Our observation that doxorubicin only slightly impaired the growth of subcutaneously implanted murine osteosarcomas raised the possibility that vascularization of these tumors may be poor, despite obviously being sufficient to mediate intratumoral access of immune cells and Smac mimetics. We therefore decided to use a different implantation route for testing in vivo drug efficacy against human osteosarcomas. We first considered orthotopic routes. Intrafemoral and intratibial osteosarcoma implantation models have been developed, but the technical challenges associated with these procedures can lead to highly variable tumorigenicity rates, and intraosseous tumors are not well tolerated by mice [79,80,81]. These factors would have necessitated using large numbers of animals to discern significant drug effects, and the need to provide analgesia could have introduced potentially confounding drug-drug interactions. Given the requirement of the inflammatory cytokine TNFα for the anti-osteosarcoma activity of Smac mimetics, we were particularly keen to avoid analgesics with anti-inflammatory activities. We therefore decided to establish an intramuscular implantation model for testing the impact of Smac mimetics on human osteosarcoma xenografts. Intramuscular implantations of osteosarcoma cells, either into the upper hind paw  or gastrocnemius muscle [83, 84], were reported to be highly tumorigenic. To minimise the tumors’ impact on leg function, we chose to inject luciferase-expressing KRIB human tumor cells into the cranial tibial muscle of mice. This yielded reproducible primary tumor growth that was well tolerated by the mice (obviating the need for analgesia), and metastases to the lungs of all untreated mice within 7 weeks of implantation.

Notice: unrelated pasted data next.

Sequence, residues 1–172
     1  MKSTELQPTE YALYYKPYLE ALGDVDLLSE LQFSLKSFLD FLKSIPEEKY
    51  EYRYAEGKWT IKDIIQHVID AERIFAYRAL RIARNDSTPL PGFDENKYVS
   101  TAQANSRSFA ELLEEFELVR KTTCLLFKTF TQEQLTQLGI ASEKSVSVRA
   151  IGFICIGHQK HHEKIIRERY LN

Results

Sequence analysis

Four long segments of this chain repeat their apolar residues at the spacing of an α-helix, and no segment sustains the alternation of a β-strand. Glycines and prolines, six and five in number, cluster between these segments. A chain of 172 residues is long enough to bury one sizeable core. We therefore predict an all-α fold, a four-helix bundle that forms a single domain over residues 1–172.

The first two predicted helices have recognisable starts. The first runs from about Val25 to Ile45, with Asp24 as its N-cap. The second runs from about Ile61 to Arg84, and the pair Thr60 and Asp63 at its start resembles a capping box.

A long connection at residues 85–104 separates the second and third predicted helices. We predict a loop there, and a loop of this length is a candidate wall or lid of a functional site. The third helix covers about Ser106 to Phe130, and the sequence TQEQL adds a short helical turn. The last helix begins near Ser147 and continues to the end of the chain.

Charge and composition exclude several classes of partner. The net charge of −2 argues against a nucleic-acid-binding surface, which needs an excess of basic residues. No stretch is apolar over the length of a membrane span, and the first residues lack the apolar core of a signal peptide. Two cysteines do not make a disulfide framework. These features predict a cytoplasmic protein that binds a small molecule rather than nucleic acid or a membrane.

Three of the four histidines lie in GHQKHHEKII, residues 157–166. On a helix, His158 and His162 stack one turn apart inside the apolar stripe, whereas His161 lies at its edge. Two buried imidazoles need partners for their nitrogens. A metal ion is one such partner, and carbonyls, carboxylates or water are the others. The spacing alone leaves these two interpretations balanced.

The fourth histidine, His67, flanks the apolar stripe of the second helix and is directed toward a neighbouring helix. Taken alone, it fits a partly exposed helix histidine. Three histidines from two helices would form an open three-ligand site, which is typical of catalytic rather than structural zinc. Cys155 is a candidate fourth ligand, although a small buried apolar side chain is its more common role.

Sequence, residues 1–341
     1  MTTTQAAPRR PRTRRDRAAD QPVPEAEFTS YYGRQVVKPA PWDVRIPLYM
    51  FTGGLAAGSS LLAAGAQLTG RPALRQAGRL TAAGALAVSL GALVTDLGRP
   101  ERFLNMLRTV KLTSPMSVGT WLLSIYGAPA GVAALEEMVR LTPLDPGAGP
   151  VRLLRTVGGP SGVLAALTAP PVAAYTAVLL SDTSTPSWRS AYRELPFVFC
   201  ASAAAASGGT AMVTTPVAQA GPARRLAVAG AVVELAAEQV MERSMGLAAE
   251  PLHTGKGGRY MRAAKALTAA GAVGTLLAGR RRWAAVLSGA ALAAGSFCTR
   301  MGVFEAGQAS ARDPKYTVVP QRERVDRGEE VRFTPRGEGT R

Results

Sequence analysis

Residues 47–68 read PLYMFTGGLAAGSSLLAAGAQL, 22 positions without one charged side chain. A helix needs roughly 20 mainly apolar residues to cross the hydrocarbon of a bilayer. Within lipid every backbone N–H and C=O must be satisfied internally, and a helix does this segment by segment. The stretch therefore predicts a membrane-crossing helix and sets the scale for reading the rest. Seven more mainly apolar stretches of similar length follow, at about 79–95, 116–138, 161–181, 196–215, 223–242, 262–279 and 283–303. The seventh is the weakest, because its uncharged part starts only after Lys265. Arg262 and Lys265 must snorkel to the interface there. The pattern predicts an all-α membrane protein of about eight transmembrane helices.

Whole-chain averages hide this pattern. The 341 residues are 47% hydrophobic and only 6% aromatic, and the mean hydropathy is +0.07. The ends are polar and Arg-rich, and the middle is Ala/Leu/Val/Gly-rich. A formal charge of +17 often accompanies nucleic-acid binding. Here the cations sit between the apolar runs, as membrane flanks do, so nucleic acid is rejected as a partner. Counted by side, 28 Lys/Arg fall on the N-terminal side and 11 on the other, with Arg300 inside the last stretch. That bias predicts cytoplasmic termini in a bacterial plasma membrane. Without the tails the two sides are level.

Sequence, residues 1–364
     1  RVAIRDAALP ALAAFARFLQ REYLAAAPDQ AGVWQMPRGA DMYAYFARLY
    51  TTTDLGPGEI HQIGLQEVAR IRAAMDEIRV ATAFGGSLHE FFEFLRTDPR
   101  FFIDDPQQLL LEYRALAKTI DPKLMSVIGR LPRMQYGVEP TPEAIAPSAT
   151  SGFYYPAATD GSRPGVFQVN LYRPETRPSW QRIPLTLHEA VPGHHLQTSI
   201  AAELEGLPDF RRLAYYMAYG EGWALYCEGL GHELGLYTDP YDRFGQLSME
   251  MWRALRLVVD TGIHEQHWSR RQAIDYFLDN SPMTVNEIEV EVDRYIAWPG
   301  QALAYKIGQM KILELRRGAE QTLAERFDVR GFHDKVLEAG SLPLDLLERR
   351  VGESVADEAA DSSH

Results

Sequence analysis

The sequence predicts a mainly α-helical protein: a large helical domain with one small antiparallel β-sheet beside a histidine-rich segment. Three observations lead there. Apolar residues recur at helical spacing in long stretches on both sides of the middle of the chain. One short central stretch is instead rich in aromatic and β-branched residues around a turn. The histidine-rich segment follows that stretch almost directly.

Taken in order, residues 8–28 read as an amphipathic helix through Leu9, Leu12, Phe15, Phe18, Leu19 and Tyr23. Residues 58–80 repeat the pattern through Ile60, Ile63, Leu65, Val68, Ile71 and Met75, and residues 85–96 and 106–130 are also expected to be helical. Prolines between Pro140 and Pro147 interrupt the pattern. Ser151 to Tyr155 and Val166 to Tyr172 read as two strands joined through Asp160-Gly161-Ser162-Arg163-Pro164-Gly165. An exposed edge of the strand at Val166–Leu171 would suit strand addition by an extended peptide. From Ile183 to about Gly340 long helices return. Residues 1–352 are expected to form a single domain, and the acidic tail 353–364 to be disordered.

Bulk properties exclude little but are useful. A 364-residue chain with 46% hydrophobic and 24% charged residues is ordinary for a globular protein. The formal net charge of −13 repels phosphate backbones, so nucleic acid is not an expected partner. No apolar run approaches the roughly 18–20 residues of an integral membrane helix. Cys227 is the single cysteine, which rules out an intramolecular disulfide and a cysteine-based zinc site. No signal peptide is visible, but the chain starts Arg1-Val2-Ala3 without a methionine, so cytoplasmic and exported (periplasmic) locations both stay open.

As mentioned above, KRIB cells were only sensitive to Smac mimetics in vitro in the presence of exogenous TNFα, and murine TNFα cooperated with these drugs less potently than human TNFα in vitro, implying that this xenograft model may underestimate the ability of Smac mimetics to eliminate human osteosarcoma cells in patients. Nevertheless, LCL161 limited the growth of intramuscular KRIB tumors (Fig. 6a). Doxorubicin was also effective in this model, and co-treatment was very effective (Fig. 6a). This model enabled monitoring of metastases development, as measured by in vivo lung bioluminescence (Fig. 6b) and qPCR-based quantitation of the lung tumor burden at the experimental endpoint (Fig. 6c). Weekly or twice-weekly LCL161 administration, and weekly co-treatment with LCL161 plus doxorubicin significantly delayed metastases development (Fig. 6b). The numbers of osteosarcoma cells within the lungs of mice within each treatment group varied substantially (Fig. 6c, d) so, although LCL161 administration or co-treatment with doxorubicin slowed metastasis development (Fig. 6b), we did not discern statistically significant effects of treatment on ultimate lung tumor burden (Fig. 6c). Two mice treated with doxorubicin and two co-treated with LCL161 plus doxorubicin failed to develop pulmonary metastases and experienced durable primary tumor regressions: primary tumors were undetectable from week 3 for the two co-treated mice and from weeks 4 and 5 for those two doxorubicin-treated animals (Fig. 6d).